NFU Scotland is holding meetings with farmers on the CAP while calling on the Scottish Government to be transparent about its plans for transition and the national reserve.
Officials and leaders meet Borders farmers at The Lodge, Carfraemill, on Tuesday (November 18) for two-way communication with local producers before pushing for modifications before the European Union deadline.
Speaking before Tuesday’s meeting, NFU Scotland president Nigel Miller, Stagehall, Stow said: “Each week brings us closer to the new package of Pillar 1 support for farm businesses. Producers will be required to apply to the 2015 Scheme year in May of next year but, at this late stage, many producers remain unable to make crucial business decisions because of the lack of detail.
“It is now vital that Scottish Government officials operate in a more transparent manner. They must share the fundamentals of the reform options that are increasingly certain to be implemented.
“For established businesses, the impacts of the transition process to 2019, as announced by the Cabinet Secretary in June, have to be made clear. We understand that the Scottish Government’s original transition plan has been rejected by the European Commission and a new formula has been developed behind closed doors.
“That new formula, as well as the earlier transition models, must be shared so that any implications around the intended ‘soft landing’ for businesses are fully understood. Any transition approach that front loads extreme change into Year 1 could effectively create a cliff edge for some businesses.
“Richard Lochhead’s commitment to Scotland’s new generation of farmers is well known and appreciated. NFU Scotland has been clear that it believes that the National Reserve, which may have to be extended, should support those disadvantaged by both the 2005 CAP Reform and the historic reference period 2000-2002. New entrants and developers need to know now how the categories within the new National Reserve are to be defined in order to understand the levels of support they are likely to receive from 2015 onwards.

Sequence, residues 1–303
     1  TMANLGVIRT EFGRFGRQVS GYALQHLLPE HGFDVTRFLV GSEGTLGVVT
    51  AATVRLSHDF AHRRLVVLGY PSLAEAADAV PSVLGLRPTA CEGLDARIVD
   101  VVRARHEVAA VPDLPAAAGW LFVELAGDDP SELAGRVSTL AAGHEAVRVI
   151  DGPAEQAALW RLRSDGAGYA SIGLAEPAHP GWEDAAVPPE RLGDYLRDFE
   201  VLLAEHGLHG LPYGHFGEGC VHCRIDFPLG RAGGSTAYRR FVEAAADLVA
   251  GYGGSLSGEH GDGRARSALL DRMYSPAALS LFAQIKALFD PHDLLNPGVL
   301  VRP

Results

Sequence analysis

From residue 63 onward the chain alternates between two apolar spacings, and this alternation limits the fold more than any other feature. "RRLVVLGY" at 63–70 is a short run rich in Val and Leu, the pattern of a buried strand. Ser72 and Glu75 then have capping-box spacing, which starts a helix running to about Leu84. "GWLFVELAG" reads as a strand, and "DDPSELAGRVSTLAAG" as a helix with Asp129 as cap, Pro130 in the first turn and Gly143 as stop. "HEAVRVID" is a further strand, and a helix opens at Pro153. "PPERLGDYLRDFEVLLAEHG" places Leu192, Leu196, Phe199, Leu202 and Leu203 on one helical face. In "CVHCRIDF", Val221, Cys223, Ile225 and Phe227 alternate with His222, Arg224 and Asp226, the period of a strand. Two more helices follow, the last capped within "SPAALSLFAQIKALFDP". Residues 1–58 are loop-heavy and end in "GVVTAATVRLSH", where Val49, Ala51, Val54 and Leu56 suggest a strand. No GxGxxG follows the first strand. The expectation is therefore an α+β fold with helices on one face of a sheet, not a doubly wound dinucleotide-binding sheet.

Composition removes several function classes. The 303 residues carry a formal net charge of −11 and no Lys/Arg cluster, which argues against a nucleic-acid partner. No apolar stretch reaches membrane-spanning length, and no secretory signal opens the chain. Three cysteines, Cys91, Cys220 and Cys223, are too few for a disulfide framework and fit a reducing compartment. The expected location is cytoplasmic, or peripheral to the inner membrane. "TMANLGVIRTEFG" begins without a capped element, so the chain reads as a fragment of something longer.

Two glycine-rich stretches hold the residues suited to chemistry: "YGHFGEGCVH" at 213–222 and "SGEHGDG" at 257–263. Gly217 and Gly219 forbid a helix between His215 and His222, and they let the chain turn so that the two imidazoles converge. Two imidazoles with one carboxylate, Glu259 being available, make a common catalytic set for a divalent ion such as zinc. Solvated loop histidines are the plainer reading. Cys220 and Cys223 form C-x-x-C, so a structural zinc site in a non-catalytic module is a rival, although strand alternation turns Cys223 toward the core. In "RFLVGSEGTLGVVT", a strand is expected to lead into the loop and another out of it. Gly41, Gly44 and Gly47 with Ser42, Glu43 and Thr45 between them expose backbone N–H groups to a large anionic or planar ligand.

Meanwhile earlier this week 138 Border farmers had already contacted the Galashiels’ Rural Payments and Inspections Division (RPID) office with concerns about how their land is being registered (for CAP changes).
NFU Scotland regional manager Kerry Barr said: “A lot of permanent grass (region 1) seems to be appearing on these letters (notifying the land classification) as rough grazing (region 2), or in some cases land is missed out altogether.
“It is vital that this information is correct as it will affect farmers’ future payments.”
A Scottish Government spokeswoman said any farmers or crofters concerned about their land classification have to request a review within 60 days from the date of the letter notifying them and provide evidence as to why the land has been wrongly classified.
Kerry said she, colleagues and head office had taken ‘lots of calls’ on the issue. Tuesday’s CAP meeting starts at 7.30pm.